By Peter Berger
History is ideas come to life in a drama acted out by real people. Regrettably, many students instead view history class as an exercise in “copying notes” and regurgitating “memorized facts.” Too many policymakers, curriculum writers, and teachers condemn civics and history classes that bother with customary topics like the Virginia and New Jersey plans, the allegedly “dust-dry” proposals the founders debated at the Constitutional Convention.
Dust-dry? Only if you ignore George Washington’s sacrificial willingness to leave his home and retirement after eight years of war to lend his stature and integrity to the convention and new government. Only if you ignore Madison’s genius in crafting that new government, and his readiness to yield to others’ arguments for the greater good. Only if you ignore the assembled intellect, conviction, conciliation, human imperfection, and love of country.
I mentioned this “dust-dry” complaint to my eighth graders. They responded that the debate reflected the tension between state and federal power, and between big states and little states, that it was resolved by compromise, and that speaking of contemporary issues, we still contend about state and federal power, and compromise isn’t presently something our government representatives do well.
I recognize that not every student in the class could make all those connections and furnish as complete an answer. Experience has convinced me, though, that more students learn more history when I wrap the players, events, and ideas in the story they’re part of. Unfortunately, those same policymakers and curriculum writers reject chronological surveys as “a mile wide and an inch deep.” Content is increasingly the last thing experts want in a history classroom, with critics faulting rigorous curricula as “the old paradigm” and “incredibly fact-riddled.”
Civics reformers caution against an emphasis on content and “academic performance” on the grounds that it discourages students from participating in government, as if we need more uninformed citizens who don’t know how government is supposed to work. Meanwhile, like-minded advocates describe history instruction as a choice between “facts” and “burning issues.” They mandate that history teachers “emphasize deep understanding rather than shallow knowledge.”
Inconveniently, understanding requires knowledge, and knowledge, whether shallow or deep, rests on facts. Students can’t express meaningful opinions about burning issues in history if they don’t know any history. Reformers forget that the only reason they themselves can talk intelligently about issues is their teachers taught them the facts they’re now advising teachers to skip.
In addition, stripping facts from history class — from any class — leaves students susceptible to malignant assertions of “alternative facts.”
No, you don’t need to know the date for every event. But dates help students track contemporaneous events. It’s good for them to know, for example, that Ferdinand and Isabella defeated Spain’s Muslim conquerors in 1492, which is why she had the cash and inclination to send Columbus in search of a new route to Asia. It helps if they know four score and seven because it means the United States nearly perished in one man’s lifetime. It helps if they know that in little more than one hundred years’ counting from its founding, the nation grew from a coastal agrarian toddler to the world’s preeminent industrial power. That way, knowing how swiftly we rose, they can recognize we could decline just as swiftly.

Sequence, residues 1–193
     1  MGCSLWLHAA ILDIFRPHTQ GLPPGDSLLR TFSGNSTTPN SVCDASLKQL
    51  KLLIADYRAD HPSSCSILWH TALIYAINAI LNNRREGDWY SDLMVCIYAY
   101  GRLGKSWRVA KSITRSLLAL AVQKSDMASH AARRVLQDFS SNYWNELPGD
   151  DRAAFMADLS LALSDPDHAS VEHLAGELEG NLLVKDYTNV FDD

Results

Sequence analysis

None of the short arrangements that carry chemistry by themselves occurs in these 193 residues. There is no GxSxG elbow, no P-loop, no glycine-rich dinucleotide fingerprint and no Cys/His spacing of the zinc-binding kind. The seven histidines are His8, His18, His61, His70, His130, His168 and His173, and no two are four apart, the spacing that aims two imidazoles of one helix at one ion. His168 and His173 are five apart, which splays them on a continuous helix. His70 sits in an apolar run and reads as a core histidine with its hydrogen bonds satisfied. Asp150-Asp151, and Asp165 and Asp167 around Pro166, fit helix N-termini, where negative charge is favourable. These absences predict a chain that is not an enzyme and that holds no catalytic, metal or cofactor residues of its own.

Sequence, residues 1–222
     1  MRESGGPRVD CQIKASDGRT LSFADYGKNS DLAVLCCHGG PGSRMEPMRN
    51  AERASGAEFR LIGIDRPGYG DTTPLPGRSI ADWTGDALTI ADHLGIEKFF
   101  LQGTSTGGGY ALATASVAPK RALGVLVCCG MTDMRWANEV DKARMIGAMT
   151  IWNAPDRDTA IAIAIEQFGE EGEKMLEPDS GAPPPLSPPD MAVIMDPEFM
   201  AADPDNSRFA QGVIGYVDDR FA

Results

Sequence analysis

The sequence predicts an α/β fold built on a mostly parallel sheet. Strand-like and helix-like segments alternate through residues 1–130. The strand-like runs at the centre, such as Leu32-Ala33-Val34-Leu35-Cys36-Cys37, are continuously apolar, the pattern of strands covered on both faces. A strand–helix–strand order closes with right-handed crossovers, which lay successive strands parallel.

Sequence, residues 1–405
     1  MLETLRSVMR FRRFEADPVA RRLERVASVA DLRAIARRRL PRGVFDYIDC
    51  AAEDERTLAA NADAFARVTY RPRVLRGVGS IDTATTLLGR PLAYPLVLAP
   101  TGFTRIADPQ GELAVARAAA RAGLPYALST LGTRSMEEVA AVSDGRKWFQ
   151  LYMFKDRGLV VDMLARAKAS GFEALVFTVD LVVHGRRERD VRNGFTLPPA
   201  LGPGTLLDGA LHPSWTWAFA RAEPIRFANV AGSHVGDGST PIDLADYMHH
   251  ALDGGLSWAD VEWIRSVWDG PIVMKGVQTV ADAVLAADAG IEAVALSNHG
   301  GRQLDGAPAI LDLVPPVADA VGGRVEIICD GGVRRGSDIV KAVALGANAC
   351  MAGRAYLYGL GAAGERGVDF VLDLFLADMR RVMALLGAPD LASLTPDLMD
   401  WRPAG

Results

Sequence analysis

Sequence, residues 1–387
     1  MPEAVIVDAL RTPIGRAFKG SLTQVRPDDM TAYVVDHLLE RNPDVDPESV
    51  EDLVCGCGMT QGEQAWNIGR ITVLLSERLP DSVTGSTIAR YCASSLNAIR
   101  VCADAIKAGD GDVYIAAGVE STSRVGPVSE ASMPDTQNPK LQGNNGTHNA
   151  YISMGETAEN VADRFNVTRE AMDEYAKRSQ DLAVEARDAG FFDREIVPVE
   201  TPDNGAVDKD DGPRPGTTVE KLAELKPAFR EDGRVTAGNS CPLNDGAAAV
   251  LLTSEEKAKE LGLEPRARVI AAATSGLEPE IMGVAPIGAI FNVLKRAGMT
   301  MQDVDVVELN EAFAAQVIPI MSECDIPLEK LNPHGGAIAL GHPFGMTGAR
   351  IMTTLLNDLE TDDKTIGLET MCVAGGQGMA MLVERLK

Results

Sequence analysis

We’re talking about adolescents with little sense of time or chronology. You can’t expect students to distinguish between causes and effects if they don’t first learn the order in which things happened. That’s why they need to learn history as a chronological survey, a story.
Some reformers prescribe arranging history according to themes. But you can’t understand the 20th-century civil rights movement if you haven’t first studied the 18th-century Bill of Rights and the 19th-century Civil War.
Surveys needn’t be superficial. There’s a place in the story for General Washington’s appeal when his officer corps threatened mutiny against the Continental Congress. He tried unsuccessfully to read them a letter from Congress. “Gentlemen, you must pardon me,” he told them as he paused and dug for his spectacles, “for I have grown not only gray but almost blind in service to my country.” The rebellion ended as his officers wept.
There’s a place for President Washington’s willing surrender of power. There’s relevance in his farewell injunction that we “observe good faith and justice toward all nations,” regardless of “any temporary advantages” injustice might win us.
There’s a place for Mr. Lincoln’s second inaugural message and the personal burden he bore for the nation’s dead, his recognition that the war might justly continue until “every drop of blood drawn with the lash shall be paid by another drawn with the sword,” and his plea that we act “with malice toward none; with charity for all.”
There’s a place for Chief Joseph’s surrender and lament, “I am tired. My heart is sick and sad. From where the sun now stands I will fight no more forever.”
There’s a place for Woodrow Wilson’s commitment that the United States would stand in the 20th century as one among the “champions of the rights of mankind.”
The most recent nationwide National Assessment of Educational Progress (NAEP) test found more than half of American graduates lack even a basic understanding of American history. Barely thirteen percent are proficient.
If we’re wondering why so few citizens know our history, one reason might be that we stopped telling students our story.
Peter Berger has taught English and history for 30 years. Poor Elijah would be pleased to answer letters addressed to him in care of the editor.